Semaine: How did you two eventually come to collaborate?
Amélie: It was a dream come true, a guy in her team contacted me via Instagram because Pamela wanted to make vegan shoes that could be sold in Colette in Paris. She wanted the shoes to be so sexy that you would never guess they were vegan. The guy saw that I was making shoes, selling them at Colette and that I was a fan of Pamela so it just happened and I met her shortly after at her home in Malibu. The most difficult part of the job was finding the vegan material that was cool, sexy and breathable. Before we discussed my drawings, she showed me her dressing room and that’s when I knew she had good style. Everything was arranged by designer. I wanted to bring my own taste to her electrified American style.
Semaine: Why did you decide to use David Lachappelle for the campaign, it seems more in line with the old Pamela rather the new one?
Amélie: Pamela was surprised too because she wanted to show to the world what she is truly like but I thought making something with Lachapelle was how we could close the loop. The collection is based on red, jeans and raffia because when you think of Pamela you think of the swimsuit, pictures of her topless in denim jeans and that part of her that screams Brigitte Bardot. We still sell this collection because it is timeless. I didn’t want something ephemeral because my love for her is forever and I wanted to have the shoes made in the same way.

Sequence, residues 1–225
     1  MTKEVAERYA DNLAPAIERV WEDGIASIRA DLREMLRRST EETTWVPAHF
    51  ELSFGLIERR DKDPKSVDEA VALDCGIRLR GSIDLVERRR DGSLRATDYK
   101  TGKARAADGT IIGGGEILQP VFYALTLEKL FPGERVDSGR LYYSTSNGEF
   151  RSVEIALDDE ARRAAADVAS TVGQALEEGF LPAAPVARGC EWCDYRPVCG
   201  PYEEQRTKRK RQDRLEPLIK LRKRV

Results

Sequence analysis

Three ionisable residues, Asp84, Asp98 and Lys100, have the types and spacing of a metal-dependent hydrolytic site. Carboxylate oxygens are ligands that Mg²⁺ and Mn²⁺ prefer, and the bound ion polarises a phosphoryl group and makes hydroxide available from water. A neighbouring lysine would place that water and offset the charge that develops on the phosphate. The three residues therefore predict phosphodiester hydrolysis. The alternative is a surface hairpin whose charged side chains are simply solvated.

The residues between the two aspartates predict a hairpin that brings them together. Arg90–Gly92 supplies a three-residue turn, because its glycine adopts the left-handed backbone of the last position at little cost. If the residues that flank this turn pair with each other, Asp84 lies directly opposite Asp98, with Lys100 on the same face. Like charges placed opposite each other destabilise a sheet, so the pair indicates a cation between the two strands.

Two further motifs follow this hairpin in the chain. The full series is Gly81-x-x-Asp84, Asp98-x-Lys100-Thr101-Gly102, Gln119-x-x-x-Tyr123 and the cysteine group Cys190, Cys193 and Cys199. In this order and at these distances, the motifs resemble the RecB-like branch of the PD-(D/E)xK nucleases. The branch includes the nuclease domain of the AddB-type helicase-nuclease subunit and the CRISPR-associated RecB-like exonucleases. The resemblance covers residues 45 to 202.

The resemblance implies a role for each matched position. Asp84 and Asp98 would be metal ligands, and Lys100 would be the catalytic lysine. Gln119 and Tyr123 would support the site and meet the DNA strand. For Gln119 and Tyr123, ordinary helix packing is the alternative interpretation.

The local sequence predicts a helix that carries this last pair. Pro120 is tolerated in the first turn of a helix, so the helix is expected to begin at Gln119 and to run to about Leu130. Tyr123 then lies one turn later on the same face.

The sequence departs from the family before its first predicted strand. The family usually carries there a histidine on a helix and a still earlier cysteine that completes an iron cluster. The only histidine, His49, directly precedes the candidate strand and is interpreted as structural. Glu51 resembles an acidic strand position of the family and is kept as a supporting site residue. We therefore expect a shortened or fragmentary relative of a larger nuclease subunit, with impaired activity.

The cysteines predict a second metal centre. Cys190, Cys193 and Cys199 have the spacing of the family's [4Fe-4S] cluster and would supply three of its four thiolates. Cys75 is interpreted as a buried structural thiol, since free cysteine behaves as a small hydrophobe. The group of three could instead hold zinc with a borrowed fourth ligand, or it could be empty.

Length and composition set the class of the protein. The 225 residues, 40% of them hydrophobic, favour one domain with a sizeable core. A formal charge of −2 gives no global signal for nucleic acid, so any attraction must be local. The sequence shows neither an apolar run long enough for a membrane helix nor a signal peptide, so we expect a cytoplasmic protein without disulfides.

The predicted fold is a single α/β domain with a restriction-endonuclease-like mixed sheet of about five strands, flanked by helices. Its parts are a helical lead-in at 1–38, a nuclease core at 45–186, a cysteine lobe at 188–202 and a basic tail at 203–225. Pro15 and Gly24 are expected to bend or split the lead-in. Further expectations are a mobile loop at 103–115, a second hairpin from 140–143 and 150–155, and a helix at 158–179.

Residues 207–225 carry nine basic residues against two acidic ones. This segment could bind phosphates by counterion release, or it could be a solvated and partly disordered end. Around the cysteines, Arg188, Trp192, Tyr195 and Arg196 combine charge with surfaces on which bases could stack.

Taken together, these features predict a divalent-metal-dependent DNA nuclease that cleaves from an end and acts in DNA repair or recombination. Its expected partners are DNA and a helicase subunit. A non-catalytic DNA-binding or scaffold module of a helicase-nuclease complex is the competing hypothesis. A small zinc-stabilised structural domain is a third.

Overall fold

Semaine: Will Amélie Pichard eventually go entirely vegan then?
Amélie: No, I don’t want to and I can’t! I don’t want to because I don’t want to put my brand in a box. I want Amélie Pichard to be able to give its consumer what it wants. It’s like a restaurant I want people to have choice.
Semaine: Is sustainable fashion something that you think the fashion industry needs to become more conscious about?
Amélie: Of course. Before, to be sustainable at a label was very specific, but it was a plus. I am a teacher in fashion school and I see that all the labels now want to be sustainable. It’s not a subject of differentiation. It’s going to be a normal thing in the future for fashion brands to be a lot more sustainable in my opinion.